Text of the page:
Following behind the Germans were Olympic Champions David Crawshay and Scott Brennan of Australia who crossed the line in a photo finish with Cedric Berrest and Julien Bahain of France. Crawshay and Brennan are working to defend their Olympic title, while Berrest and Bahain (who won Olympic bronze in the quad in Beijing) are the top medal hopes for France in rowing at the London 2012 Olympic Games.
This tough event also includes Slovenia’s best and Olympic Champions from 2000, Iztok Cop and Luka Spik. They finished a very close fourth in Lucerne after being in a medal position for most of the race.
Don’t discount current World Champions New Zealand (Joseph Sullivan and NathanCohen). Sullivan and Cohen had an unsuccessful Lucerne regatta, but will likely have the sense to sort out their rhythm and get back into medal-winning form.
Men’s Four (M4-)
An epic battle between Australia and Great Britain at last month’s Samsung World Rowing Cup II in Lucerne was one of the highlights of the regatta. Australia, featuring three-time Olympic Champion Drew Ginn, led for the majority of the race but didn’t have the legs in the final sprint against World Champions Great Britain who finished first. These two crews will meet again in Munich.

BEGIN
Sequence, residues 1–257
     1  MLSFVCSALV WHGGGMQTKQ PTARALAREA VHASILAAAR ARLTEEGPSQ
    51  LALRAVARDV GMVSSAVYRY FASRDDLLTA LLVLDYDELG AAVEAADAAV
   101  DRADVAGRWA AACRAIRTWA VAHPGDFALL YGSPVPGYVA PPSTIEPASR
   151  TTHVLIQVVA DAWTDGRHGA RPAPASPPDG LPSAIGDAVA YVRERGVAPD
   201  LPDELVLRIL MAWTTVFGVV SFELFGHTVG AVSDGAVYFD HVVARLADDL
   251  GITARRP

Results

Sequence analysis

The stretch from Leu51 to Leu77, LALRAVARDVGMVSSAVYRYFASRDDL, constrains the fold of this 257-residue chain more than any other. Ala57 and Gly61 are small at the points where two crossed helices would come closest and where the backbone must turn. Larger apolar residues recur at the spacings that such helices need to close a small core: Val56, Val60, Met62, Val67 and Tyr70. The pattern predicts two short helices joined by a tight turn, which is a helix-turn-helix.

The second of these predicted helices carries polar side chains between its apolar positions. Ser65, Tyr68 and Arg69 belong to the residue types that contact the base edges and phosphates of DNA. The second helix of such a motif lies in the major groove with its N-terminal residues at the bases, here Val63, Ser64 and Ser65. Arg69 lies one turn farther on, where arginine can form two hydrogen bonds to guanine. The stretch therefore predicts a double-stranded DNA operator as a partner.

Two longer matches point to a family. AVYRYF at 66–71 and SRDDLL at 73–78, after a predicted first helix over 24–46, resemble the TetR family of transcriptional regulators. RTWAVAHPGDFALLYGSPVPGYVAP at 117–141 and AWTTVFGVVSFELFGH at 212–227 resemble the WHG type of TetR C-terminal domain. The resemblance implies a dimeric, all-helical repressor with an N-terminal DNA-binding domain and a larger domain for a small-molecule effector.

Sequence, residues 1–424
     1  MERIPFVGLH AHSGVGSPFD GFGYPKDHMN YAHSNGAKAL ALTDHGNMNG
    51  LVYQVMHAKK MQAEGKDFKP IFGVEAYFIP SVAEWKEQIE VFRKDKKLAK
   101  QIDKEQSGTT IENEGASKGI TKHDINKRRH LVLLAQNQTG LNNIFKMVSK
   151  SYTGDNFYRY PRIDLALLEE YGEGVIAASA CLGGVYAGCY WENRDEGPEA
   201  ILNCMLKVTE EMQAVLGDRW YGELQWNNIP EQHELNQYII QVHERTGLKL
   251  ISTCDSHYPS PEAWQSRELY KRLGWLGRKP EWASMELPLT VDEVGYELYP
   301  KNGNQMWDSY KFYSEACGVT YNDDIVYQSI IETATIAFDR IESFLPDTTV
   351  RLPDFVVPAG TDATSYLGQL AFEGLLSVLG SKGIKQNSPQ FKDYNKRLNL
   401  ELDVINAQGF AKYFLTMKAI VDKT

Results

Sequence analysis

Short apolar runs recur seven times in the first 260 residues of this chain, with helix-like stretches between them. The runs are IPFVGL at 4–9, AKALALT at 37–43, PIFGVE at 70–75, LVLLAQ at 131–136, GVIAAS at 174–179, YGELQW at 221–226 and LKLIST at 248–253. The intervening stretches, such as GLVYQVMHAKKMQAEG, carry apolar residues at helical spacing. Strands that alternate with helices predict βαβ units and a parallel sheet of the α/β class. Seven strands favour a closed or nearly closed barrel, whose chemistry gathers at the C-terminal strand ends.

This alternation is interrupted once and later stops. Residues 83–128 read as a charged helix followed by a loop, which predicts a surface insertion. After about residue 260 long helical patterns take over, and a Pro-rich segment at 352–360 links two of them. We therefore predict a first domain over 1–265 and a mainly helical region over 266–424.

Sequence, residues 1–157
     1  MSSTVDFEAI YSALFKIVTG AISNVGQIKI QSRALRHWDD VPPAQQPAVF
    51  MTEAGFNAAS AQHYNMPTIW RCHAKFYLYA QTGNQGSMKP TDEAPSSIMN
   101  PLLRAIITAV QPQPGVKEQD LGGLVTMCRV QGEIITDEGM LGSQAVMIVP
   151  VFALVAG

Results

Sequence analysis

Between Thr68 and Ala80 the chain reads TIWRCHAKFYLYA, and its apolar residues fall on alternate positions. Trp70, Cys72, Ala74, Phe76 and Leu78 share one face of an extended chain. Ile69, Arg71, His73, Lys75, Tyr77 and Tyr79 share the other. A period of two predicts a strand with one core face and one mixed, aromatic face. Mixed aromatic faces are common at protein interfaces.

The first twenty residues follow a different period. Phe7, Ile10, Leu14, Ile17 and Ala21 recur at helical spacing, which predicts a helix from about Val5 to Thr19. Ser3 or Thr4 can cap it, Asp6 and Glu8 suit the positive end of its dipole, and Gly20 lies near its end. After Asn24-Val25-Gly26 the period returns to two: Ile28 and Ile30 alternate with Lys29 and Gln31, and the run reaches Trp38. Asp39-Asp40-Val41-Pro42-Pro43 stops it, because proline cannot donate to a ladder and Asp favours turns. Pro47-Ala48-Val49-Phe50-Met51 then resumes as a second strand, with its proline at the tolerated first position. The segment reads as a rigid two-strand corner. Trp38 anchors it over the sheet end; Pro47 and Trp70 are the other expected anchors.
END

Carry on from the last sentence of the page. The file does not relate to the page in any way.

The Australian-British encounter left all other boats a distance back. In the absence of Lucerne third-place finishers Greece, fourth-place finishers Belarus, who won bronze in Belgrade, may get an opportunity to step up into the medals again.
Keep an eye out too for the Czech Republic’s Horvath, Podrazil, Bruncvik and Klang. They finished fourth at Samsung World Rowing Cup I in Belgrade and then went on to win at the Final Olympic Qualification Regatta.
Lightweight Women’s Double Sculls (LW2x)
In Lucerne, Louise Ayling and Julia Edward of New Zealand set a new World Best Time and then went on to finish second behind China in the final. The Chinese are not racing in Munich, and neither are two-time World Champions Alexandra Tsiavou and Christina Giazitzidou of Greece, meaning that Ayling and Edward will be the crew to beat.
It is likely to be Great Britain and Denmark breathing down the New Zealander’s backs. Great Britain’s Sophie Hosking and Katherine Copeland were second at Samsung World Rowing Cup I and then slipped into fifth in Lucerne. After ironing out some glitches Hosking and Copeland will be back for Munich with medals on their minds.